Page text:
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S.H. Paz, D.R. Globe, J. Wu, R. Varma, LALES Group; Eye Care in a Population-based Cohort of Diabetic Adult Latinos . Invest. Ophthalmol. Vis. Sci. 2003;44(13):3096.
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© ARVO (1962-2015); The Authors (2016-present)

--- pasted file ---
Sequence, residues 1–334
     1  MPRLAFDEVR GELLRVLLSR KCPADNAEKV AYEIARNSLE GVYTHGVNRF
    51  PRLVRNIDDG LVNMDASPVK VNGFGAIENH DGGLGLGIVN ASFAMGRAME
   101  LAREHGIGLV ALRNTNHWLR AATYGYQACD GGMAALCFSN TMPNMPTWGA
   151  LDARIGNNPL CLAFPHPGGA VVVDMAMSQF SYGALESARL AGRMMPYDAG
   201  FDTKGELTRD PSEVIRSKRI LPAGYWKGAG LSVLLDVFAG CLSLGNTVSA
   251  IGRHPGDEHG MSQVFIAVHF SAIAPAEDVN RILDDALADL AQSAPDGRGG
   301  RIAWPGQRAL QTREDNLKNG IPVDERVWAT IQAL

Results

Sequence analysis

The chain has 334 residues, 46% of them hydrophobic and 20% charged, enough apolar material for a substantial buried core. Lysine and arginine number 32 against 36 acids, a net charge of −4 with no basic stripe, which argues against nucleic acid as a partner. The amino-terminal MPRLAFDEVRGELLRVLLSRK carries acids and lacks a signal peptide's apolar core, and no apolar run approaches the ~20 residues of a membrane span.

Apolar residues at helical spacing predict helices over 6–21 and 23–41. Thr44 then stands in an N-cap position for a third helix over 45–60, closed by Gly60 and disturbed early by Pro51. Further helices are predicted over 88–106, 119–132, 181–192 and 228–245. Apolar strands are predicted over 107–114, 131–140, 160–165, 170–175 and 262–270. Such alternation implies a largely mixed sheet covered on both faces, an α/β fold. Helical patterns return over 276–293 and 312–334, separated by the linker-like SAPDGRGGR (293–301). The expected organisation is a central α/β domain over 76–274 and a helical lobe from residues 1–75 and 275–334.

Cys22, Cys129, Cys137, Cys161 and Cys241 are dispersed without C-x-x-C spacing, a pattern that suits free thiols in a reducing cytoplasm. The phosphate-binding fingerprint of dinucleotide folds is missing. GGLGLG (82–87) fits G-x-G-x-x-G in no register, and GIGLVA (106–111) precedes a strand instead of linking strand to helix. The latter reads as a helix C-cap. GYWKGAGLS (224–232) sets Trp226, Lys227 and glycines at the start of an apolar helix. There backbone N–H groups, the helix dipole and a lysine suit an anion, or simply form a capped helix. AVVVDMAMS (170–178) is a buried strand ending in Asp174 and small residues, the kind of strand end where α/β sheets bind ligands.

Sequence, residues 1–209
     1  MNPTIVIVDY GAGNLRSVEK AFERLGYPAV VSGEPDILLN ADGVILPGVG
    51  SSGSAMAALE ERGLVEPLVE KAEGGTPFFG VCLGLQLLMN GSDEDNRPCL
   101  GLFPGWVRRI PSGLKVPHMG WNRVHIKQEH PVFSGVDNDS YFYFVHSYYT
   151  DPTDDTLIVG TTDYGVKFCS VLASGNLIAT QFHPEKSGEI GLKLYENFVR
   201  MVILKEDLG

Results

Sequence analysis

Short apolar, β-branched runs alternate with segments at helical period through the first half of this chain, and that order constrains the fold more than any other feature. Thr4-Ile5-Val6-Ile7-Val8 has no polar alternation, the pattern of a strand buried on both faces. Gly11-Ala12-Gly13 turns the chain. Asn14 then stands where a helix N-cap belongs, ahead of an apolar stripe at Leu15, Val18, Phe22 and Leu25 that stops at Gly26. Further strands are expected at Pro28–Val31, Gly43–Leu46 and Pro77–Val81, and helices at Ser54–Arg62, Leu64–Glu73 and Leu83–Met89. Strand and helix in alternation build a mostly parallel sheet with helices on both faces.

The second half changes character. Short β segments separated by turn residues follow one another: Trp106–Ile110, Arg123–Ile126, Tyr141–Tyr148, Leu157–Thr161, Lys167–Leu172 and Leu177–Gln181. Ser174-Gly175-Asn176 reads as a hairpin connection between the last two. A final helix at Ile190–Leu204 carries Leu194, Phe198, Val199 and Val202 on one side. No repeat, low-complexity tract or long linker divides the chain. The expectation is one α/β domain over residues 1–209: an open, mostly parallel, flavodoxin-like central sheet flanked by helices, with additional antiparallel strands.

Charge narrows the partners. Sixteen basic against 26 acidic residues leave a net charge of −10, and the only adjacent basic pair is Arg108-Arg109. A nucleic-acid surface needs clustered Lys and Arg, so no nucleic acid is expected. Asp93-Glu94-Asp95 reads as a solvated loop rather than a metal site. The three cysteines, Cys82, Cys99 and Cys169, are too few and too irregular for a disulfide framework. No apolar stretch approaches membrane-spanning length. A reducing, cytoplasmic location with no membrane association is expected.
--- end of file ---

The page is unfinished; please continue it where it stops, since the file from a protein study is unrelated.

Purpose: To determine the rate of compliance with vision care guidelines and the factors associated with compliance in a population-based sample of adult, diabetic Latinos. Methods: The LALES is a population-based study assessing the prevalence of eye disease in non-institutionalized Latinos, aged 40 years and older. As part of the examination, each participant underwent an interview regarding sociodemographics, history of eye disease, and self-reported utilization of eye care. All diabetics were specifically asked questions regarding health and vision care utilization and self-care. The utilization of eye care by the diabetics was compared to the American Diabetes Association (ADA) guidelines for vision care. ADA guidelines recommend that type 2 diabetics have a dilated eye examination (DEE) at diagnosis, and yearly thereafter. Compliance was defined as participants reporting having had a DEE in the 12 months preceding the LALES examination. Non-compliance was defined as either never having had a DEE, or having had the last DEE more than 12 months ago. Logistic regression was used to calculate odds ratios to evaluate the association between socio-demographic and ocular factors and the likelihood of compliance with ADA guidelines. Results: Of the 787 participants who self-reported having diabetes 273 (34.7%) reported complying with ADA vision care guidelines. Regression analysis suggested that factors that were independently associated with compliance included older age (OR=1.02, p=0.04), having graduated from high school (OR=1.54, p=0.02), having health insurance (OR=1.79, p=0.05), having vision insurance (OR=1.42, p=0.17), history of glaucoma (OR=2.79, p<0.004), history of cataract (OR=1.58, p=0.04), diagnosis of severe diabetic retinopathy (OR=2.87, p<0.0001), and history of diabetes treatment (OR=2.81, p<0.01). Conclusions: Approximately two thirds of the adult Latino diabetics in this cohort are not complying with recommended guidelines for eye care. Since complying with these is likely to delay or reduce ocular morbidity and blindness associated with diabetes, intervention programs aimed at improving the educational status and provision of health and vision insurance may improve the ocular outcomes and reduce blindness associated with diabetes in Latinos.
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